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Innocence Lost: Quilt Honors Lives Of Fallen Soldiers

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(credit: CBS) Holly Wagner
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MINNEAPOLIS (WCCO) — Tuesday is Military Appreciation Day at the Minnesota State Fair and there will be tributes throughout the day, but none may help fairgoers see the people behind the military as much as The Lost Heroes Art Quilt.

The quilt, made by Florida artist Julie Feingold, tells a story with a photo of a young child who grew up to be a soldier and paid the ultimate sacrifice.

There is a photo of a fallen military member from every state. All are men and women who died in Iraq or Afghanistan since September 11, 2001.

“They were all little boys and girls at one point,” said Merrilee Carlson from St. Paul, who has been sharing the quilt’s story with as many people as she can.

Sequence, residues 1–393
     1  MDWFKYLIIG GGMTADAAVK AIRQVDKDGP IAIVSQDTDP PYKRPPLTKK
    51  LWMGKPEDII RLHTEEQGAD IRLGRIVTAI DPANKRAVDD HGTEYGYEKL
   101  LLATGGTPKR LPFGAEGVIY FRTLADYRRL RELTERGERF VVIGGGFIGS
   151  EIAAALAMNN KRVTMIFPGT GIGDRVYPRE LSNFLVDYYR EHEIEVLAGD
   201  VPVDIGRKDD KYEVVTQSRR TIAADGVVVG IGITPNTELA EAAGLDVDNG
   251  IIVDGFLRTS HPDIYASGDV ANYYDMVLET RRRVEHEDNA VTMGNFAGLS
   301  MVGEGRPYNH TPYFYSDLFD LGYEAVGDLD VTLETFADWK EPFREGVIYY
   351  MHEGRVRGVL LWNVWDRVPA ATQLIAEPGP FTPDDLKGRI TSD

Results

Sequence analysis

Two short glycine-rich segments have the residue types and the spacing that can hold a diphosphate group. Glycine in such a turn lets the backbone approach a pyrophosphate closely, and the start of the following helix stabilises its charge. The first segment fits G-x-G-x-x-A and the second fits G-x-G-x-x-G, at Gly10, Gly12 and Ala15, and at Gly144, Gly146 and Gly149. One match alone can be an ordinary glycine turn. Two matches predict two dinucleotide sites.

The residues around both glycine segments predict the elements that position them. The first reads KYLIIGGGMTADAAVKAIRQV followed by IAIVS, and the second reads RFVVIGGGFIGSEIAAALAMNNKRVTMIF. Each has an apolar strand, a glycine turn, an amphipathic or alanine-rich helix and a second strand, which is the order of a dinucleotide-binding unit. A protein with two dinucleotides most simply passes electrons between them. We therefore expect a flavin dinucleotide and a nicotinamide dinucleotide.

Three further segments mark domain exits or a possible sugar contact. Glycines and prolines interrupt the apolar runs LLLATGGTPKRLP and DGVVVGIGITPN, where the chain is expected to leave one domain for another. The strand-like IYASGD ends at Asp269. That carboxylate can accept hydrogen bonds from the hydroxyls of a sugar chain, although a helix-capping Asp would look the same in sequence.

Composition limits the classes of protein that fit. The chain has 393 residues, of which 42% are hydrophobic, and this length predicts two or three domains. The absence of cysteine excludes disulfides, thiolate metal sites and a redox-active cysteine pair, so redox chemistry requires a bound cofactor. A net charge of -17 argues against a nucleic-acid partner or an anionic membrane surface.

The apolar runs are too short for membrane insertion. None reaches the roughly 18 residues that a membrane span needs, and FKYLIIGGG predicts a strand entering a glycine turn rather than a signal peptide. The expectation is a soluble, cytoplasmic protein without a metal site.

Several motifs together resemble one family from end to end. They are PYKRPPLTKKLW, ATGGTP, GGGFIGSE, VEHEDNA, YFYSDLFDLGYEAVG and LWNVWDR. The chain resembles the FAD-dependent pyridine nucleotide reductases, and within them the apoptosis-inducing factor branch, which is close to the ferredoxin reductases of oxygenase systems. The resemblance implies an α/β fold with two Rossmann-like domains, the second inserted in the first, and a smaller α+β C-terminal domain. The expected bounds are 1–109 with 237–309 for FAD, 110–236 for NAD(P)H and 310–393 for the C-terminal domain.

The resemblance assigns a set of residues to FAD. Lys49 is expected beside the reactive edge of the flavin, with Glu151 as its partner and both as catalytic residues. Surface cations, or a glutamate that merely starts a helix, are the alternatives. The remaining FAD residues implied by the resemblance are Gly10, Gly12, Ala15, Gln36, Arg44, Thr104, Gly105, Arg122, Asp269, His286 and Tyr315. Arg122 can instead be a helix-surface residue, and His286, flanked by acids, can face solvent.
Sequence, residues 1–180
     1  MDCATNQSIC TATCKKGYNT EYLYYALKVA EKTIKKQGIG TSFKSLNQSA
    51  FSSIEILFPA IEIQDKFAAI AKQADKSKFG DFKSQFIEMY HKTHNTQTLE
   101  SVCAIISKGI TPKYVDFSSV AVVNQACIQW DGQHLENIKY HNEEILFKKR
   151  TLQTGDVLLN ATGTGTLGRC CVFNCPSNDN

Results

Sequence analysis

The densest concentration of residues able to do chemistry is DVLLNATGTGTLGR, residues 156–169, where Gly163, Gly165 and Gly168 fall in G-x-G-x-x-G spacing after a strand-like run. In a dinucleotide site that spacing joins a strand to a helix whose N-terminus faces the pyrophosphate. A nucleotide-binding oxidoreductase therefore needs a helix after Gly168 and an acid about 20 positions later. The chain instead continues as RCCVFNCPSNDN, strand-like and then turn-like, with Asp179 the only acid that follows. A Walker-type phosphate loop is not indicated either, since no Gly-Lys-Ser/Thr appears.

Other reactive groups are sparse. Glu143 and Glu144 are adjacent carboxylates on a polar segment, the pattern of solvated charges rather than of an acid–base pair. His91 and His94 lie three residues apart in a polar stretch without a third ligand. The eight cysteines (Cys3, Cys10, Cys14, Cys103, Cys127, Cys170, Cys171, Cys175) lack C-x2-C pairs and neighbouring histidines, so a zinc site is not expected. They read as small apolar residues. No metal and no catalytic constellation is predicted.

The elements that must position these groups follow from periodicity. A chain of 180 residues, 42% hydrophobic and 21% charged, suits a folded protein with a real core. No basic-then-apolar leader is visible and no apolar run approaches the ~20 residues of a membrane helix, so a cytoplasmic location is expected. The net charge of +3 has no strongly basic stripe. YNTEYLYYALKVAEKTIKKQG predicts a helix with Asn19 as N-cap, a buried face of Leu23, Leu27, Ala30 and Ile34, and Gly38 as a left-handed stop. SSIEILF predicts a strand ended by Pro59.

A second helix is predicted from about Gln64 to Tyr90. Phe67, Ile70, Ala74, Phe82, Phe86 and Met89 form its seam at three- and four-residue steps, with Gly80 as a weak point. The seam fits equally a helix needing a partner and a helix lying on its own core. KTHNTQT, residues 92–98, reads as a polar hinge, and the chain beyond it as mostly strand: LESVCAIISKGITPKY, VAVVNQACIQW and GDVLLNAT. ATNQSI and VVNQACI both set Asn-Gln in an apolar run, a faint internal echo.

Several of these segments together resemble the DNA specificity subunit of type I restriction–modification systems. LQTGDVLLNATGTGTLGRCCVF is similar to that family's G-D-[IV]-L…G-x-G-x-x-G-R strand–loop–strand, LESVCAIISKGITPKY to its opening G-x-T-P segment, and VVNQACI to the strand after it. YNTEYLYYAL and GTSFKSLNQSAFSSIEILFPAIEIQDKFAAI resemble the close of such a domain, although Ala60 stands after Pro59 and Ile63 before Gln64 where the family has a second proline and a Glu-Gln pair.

She is a military mom who understands how difficult it is to have a child serving overseas.

“Your son’s story is in here too,” said Carlson to another military mom at the fair. “We’ll keep him in our prayers.”

Carlson’s son Michael didn’t come home. His photo is on the border of the quilt.

“Each one of these people do tell Michael’s story. Michael was a Boy Scout. Michael was in wrestling. Michael was in music,” she said.

For the Krieg family, the quilt hits home too. They have a family member serving in Iraq.

“Having a small son, it brings tears to your eyes to see that these were people’s children, and husbands, and brothers … so very meaningful,” said a woman from the Krieg family.

“It makes the hair stand up on the back of your neck,” said another fairgoer. “I mean how thankful can you be to people who are willing to do that?”

Carlson said she’s a voice for the families of all of the fallen heroes and for those who are defending our country’s freedom every day.

“This is not just a soldier story, it’s a community story,” she said. “We have thousands of men and women in harm’s way from Minnesota and from our surrounding states and they are all there for us.”

The quilt’s permanent home will be at the Arlington National Cemetery.

A Minnesota company bought the quilt and made the donation to the Cemetery so it will be on display there on Sept. 11.

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